Trying to think of a witty signature after 'Hacker-gate'...

You can see the Ice Blue and Noble Pink DS Lites on the images of my (extended) family, plus the old silver DS and my white DS Lite as well.

I'm definitely going back next year if I get time and I'll try and arrange something with Nintendo of Korea if possible.

Nintendo, if you're reading this, hope you realise the effort C3 is putting into promoting your systems even abroad! Smilie Smilie

Adam Riley [ Director :: Cubed3 ]

UNITE714: Weekly Prayers | Bible Verses

Interesting read. I've never ever played a game with my parents...except for that one time playing Dance Dance Revolution with my mom.

Top read, most definitely one of the more unique features! Excellent work Mr. Raz-a-ma-taz.

Cubed3 Admin/Founder & Designer

Really good article Raz. The DS seems to be an enormous success there and the Wii seems likely to follow in it's boots, suprising due to the lackluster line-up.

I would also love to got to the Far-East, Japana and S.Korea especially.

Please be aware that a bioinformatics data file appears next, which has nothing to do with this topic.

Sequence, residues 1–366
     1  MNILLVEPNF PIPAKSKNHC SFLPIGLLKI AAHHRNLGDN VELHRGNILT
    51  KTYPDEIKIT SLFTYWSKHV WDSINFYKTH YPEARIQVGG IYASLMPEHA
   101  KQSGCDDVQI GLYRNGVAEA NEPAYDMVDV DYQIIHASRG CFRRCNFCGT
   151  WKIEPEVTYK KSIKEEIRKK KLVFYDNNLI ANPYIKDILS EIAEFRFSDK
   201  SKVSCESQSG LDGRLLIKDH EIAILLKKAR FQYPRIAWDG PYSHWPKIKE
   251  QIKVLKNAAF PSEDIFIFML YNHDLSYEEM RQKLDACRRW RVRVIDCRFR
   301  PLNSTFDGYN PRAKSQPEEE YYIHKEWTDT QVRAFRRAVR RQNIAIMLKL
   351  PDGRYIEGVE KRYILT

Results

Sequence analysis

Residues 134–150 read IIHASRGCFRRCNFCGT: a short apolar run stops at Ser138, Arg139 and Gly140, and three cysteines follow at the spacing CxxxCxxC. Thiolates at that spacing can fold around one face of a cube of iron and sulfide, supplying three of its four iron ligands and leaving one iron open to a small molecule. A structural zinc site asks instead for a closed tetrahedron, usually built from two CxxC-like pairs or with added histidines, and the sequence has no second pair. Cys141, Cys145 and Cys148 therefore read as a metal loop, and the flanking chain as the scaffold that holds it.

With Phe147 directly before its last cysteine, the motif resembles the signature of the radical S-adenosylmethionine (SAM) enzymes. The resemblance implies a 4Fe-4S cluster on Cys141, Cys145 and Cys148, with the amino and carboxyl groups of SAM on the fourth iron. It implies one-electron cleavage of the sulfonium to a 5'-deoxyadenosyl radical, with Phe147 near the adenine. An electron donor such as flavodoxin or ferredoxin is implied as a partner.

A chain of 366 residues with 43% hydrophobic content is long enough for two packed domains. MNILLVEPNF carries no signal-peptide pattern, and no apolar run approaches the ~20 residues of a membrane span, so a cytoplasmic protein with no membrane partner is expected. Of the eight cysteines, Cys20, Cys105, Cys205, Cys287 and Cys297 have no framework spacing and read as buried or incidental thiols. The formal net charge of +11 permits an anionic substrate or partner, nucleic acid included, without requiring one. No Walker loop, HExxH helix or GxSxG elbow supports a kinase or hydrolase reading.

Mike Gee of iZINE said, "...The Verve, as he [Richard Ashcroft] promised, had become the greatest band in the world. Most of the critics agreed with him. Most paid due homage. The Verve were no longer the question mark or the clich. They were the statement and the definition."

Great write up Adam, really interesting to read. And how generous of you to buy some DSes!

tiamat1990 said:
Interesting read. Ive never ever played a game with my parents...except for that one time playing Dance Dance Revolution with my mom.

Really? I used to play Street Fighter II against my mum on the old SNES. But wait, there is more! The old bag actually pwnd me several times.. :/ Smilie